On the Couch Online: Does Tele-Therapy Work?

Reply Sat 1 Nov, 2008 07:15 pm
On the Couch Online: Does Tele-Therapy Work?

It's called telemental health " the burgeoning field of online and remotely delivered mental-health services " and while many people say they benefit from it, some experts remain unconvinced of its long-term merit. Certainly, more and more doctors and patients are taking advantage of the convenience and, in most cases, the lower cost of Web- or phone-based sessions. Organizations such as the Veterans Administration have employed e-mail and online video conferences to connect doctors with patients in isolated areas, primarily to answer questions or refill prescriptions. But live video is also being used to counsel patients with post-traumatic stress disorder, agoraphobia and eating disorders; so far, the few scientific studies on this new service show that patients and doctors are satisfied with the quality of care, and that the patients do no worse than those attending in-person sessions.

While remote services may break down physical barriers, say some skeptics, they may erect emotional ones to the detriment of the care provided. "All day long, I pay attention to the disconnect between people's words and what they are really feeling," says Dr. Eric Plakun, chair of the American Psychiatric Association committee on Psychotherapy by Psychiatrists. "Tuning in to nonverbal communication is an essential part of the psychotherapy process, and even with a video interface, that seems to be a pretty complicated burden to put on a limited means of communication." Even silences during a therapy session, notes Plakun, have meaning; understanding it often increases patients' self-awareness, helping them to achieve mental and emotional well-being.
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Reply Sat 1 Nov, 2008 07:38 pm
@Robert Gentel,
I think only really good outcome research is going to tell.

I know people who began such practices, and have since ceased them.

It's a damn good thing here, with our remote communities, to do crisis assessments via tele-link for things like whether someone needs to be hospitalized and, over time to do remote diagnosis for serious mental illness, since mental health professionals are only getting anywhere near some communities every eight or nine weeks.

Both clients and professionals say they find it better than nothing, but that it still sucks.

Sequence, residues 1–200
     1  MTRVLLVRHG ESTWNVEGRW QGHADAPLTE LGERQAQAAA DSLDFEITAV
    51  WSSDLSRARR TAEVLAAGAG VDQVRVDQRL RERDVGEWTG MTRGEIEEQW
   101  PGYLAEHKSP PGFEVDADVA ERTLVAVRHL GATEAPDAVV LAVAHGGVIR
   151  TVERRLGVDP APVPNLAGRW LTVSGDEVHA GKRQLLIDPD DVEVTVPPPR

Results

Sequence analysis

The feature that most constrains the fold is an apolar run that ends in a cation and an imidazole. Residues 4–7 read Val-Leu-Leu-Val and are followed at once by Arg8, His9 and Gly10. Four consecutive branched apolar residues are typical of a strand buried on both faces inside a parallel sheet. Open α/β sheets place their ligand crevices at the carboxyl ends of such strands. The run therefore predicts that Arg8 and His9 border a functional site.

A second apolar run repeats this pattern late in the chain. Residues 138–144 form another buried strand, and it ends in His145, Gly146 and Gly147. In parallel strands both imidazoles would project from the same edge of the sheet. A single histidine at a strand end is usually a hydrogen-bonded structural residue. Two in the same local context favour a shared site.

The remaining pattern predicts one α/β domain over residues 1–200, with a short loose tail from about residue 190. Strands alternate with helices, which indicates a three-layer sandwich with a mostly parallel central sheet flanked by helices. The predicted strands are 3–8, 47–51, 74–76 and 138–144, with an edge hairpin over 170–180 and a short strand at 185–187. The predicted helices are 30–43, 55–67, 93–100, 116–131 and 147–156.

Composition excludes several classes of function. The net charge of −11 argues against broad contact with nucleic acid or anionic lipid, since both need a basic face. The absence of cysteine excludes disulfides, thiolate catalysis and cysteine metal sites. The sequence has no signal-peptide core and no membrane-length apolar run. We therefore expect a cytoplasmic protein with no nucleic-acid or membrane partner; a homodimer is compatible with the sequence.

I know Monash University did a research program on running online anxiety diagnosis and treatment recently. I note that this has ceased...but I have not seen the research ourcomes yet. They will be interesting, as anxiety really responds a lot to cognitive/behavioural input, and ought to be a good candidate for online methods for those with mild to moderate symptoms.

I can't imagine working that way a lot of the time...but I certainly do a lot of between session phone contact with remote clients, and do a lot of supporting other professionals with their clients in that way.

I know there was a lot of talk at some stage about setting up sophisticated online robot programs to work with people...and I saw some reports that some people preferred that to actually seeing someone.

I haven't seen research on that.

Actually, that sort of group stuff ( I just read the article) is likely to be pretty damn helpful...especially for folk disinclined or unable to do it live.

It kinda happens here.

I'm worried about someone who needs to talk about bloody "syndromes" ("wife-abandonment syndrome" yet!) in order to talk about perfectly reasonable grief, though.

Syndrome inventors fill me with syndrome-inventor dread syndrome.

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Reply Sat 1 Nov, 2008 08:39 pm
Robert Gentel wrote:
On the Couch Online: Does Tele-Therapy Work?

I believe this website is a form of tele-therapy for some of its customers. It seems to work for them -- they seem happy enough to return.
Robert Gentel
Reply Sat 1 Nov, 2008 08:42 pm
That's why it was interesting to me, I don't think this website's a good substitute for in-person therapy but I imagine that most of the people who use it for therapeutic value aren't substituting it for in-person therapy. So I guess I'm in the better than nothing camp.
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